Living in Charleston - Charleston Woodworking School, Traditional Techniques
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Living in Charleston

Historic Charleston & South Carolina Beaches

The Charleston Woodworking School is South Carolina’s premiere institution of woodworking instruction. Students are professionally taught in the methods of the European woodworking styles, so that every CWS graduate will have the knowledge and skills to produce their own creations, whether simple or complex. The mission of the Charleston Woodworking School is to provide the best training possible at very reasonable tuition costs, and to prepare the student for a lifetime of woodworking excellence.

Located in the lowcountry of South Carolina, Charleston has consistently ranked among the country’s most elegant and mannerly cities. Founded in 1670, Charleston today boasts 73 pre-Revolutionary buildings – 136 from the late 18th century and more than 600 others built prior to the 1840s. Visitors can find plenty of distinctly Charleston things to do: wander cobblestone streets lined with antique shops and boutiques, browse the Old City Market where Gullah basket ladies are among the vendors that peddle their wares, and peek at private gardens tucked serenely behind iron gates. House museums and monuments to wealthy Colonial merchants are open to visitors, as are the plantations and gardens that line the Ashley River.

Historic Charleston & Resort Beaches

Charleston is an Old South city with irresistible charm and beauty. You see it in the lazy trim of her breezy piazzas and feel it in the spirit of her rich heritage. Steeped in history, Charleston is a place visitors rarely want to leave. Idyllic beach resorts at Kiawah Island, Seabrook, Wild Dunes and Edisto Island offer miles of unspoiled beaches and marshlands, posh accommodations, outstanding recreation facilities and fine dining.

Bull Island

Part of the 60,000-acre Cape Romain National Wildlife Refuge, and a natural beach, Bull Island offers an exciting day-trip adventure. Meet the passenger ferry at Garris Landing in the morning, and spend the day collecting shells and surf fishing on the deserted beach. Look for trails created by the rare red wolf, which is bred on the island. The afternoon ferry brings you back refreshed from a true wilderness experience.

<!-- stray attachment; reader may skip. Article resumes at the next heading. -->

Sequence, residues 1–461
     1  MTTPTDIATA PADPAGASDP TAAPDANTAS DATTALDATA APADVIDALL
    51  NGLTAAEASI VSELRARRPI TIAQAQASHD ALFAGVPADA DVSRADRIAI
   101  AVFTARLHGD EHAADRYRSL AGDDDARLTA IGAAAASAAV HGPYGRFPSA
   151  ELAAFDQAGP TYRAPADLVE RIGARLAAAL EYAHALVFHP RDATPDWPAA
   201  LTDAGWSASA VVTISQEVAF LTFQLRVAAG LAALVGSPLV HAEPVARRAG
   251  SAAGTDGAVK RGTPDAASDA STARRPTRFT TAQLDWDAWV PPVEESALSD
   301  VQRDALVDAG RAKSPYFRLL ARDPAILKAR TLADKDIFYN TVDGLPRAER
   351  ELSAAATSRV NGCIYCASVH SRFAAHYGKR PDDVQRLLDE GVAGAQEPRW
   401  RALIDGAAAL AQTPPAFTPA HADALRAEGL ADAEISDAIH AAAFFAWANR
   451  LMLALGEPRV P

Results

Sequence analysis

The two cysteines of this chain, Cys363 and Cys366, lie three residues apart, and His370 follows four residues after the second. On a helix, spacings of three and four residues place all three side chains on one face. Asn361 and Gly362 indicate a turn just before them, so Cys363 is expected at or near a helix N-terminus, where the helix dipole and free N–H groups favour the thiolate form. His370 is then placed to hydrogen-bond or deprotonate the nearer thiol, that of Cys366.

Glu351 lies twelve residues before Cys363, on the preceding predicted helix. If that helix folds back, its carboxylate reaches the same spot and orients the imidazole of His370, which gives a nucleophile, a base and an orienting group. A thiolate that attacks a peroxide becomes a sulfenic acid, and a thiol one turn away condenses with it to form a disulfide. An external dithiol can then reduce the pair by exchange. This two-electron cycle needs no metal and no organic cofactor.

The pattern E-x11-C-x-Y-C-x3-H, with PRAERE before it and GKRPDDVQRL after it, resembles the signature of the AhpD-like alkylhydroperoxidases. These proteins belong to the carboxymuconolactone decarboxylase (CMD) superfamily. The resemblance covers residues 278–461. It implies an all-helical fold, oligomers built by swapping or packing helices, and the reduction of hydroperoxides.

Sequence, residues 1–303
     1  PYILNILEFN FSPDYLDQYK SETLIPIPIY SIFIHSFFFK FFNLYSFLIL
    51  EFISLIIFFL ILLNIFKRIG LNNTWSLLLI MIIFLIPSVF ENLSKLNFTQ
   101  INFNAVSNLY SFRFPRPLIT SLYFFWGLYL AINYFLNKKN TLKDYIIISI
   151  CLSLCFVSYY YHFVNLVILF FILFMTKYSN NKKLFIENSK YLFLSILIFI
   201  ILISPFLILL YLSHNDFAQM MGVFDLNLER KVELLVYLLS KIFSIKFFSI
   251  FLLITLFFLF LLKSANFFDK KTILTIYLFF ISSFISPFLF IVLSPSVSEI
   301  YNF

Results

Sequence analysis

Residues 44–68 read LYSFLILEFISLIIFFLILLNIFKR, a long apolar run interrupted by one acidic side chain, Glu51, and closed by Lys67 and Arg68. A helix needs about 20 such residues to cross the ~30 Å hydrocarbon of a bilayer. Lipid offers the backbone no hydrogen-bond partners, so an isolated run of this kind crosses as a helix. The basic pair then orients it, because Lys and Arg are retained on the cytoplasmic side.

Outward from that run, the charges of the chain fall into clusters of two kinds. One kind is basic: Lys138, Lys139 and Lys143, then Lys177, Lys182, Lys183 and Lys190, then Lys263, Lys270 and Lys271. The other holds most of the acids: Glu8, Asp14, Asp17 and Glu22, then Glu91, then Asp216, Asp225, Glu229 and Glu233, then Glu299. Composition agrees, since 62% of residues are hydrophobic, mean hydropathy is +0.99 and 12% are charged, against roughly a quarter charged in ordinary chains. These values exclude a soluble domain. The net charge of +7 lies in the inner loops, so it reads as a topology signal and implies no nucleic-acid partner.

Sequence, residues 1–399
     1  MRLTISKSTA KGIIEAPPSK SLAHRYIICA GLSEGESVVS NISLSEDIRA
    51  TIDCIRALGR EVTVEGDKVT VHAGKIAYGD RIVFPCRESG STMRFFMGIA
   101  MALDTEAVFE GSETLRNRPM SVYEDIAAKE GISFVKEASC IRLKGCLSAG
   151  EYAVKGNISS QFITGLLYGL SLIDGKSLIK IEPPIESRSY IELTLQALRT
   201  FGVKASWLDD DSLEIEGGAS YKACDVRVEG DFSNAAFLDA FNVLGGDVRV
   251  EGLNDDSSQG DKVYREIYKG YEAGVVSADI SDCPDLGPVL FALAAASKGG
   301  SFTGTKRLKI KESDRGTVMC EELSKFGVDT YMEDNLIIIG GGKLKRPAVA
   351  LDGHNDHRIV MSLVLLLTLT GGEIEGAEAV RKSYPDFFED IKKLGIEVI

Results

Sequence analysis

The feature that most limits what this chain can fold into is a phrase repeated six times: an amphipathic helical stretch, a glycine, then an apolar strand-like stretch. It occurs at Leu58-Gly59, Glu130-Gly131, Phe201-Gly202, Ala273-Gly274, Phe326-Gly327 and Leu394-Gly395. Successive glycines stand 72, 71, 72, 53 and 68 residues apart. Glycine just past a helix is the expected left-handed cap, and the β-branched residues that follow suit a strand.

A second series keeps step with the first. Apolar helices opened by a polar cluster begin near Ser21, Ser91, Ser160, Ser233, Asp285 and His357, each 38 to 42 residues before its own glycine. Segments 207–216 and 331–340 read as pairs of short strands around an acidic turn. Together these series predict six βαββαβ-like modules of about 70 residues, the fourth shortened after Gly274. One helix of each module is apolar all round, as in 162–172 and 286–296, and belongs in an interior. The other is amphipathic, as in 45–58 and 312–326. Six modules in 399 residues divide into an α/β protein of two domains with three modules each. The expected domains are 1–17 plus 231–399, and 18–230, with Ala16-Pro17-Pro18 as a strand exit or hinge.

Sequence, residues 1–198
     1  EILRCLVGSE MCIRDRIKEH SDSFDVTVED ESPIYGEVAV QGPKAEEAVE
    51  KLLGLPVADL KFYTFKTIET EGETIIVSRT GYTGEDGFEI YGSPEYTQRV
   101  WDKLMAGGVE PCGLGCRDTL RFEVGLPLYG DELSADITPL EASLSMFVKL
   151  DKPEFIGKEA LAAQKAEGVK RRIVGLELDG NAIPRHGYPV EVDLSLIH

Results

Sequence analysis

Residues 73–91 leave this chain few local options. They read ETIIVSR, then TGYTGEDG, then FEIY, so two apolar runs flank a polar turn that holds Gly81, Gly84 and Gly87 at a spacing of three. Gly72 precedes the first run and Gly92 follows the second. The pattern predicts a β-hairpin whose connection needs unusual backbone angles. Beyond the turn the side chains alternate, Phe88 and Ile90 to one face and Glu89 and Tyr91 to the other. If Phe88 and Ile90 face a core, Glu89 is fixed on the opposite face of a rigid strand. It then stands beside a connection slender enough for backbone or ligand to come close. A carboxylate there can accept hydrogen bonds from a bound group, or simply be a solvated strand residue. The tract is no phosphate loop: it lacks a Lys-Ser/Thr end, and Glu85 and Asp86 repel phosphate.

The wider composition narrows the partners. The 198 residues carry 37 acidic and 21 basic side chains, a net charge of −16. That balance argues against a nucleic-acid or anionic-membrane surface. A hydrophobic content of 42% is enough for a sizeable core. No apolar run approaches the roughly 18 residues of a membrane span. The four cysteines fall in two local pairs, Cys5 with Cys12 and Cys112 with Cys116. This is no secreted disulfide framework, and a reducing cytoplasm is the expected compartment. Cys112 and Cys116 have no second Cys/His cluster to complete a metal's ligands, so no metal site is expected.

Folly Beach

Folly Beach is the closest beach to historic Charleston and is arguably “the best beach in South Carolina.” Calm and relaxed, Folly Beach is a great place to play in the waves, collect seashells, and walk to the lighthouse. A fishing pier and beautiful views make Folly Beach one of the last, old-timey, “shabby” beaches in the area.

Isle of Palms

In 1898, visitors to Isle of Palms came by way of water or a single railroad bridge. Originally opened as a recreational area for privileged parties at beach homes, this semi-tropical retreat, bordered by beautiful beaches and a network of marsh creeks, has lost none of its original charm. Beach volleyball, bodysurfing, shrimping or crabbing are all activities to be enjoyed. Wild Dunes Resort, on the northern tip of the island, also features outstanding accommodations, golf, tennis, and a marina.

Kiawah Island

With 10 miles of undisturbed South Carolina beaches and five world-renowned golf courses, it’s no wonder so many visitors come to Kiawah (pronounced KEE-a-wah) Island and decide to make it their home. Much of Kiawah Island is privately owned, but Beachwalker Park is open to the public. Canoe through marsh-lined creeks and waterways or play tennis at the two Kiawah tennis centers, ranked among the top 50 tennis resorts in the U.S.

Seabrook Island

Only 23 miles from Charleston, Seabrook Island Resort offers a serene setting where you can peacefully coexist with the island’s natural wildlife. Stay in a luxurious villa overlooking the Atlantic, tee off on two championship golf courses, or play a set at the excellent tennis facilities. Wander miles of private beach or tour the island on horseback. Don’t be surprised if you find yourself face-to-face with a deer. The island’s Bohicket Marina offers boat rentals for the exploration of marsh creeks or deep-sea charters.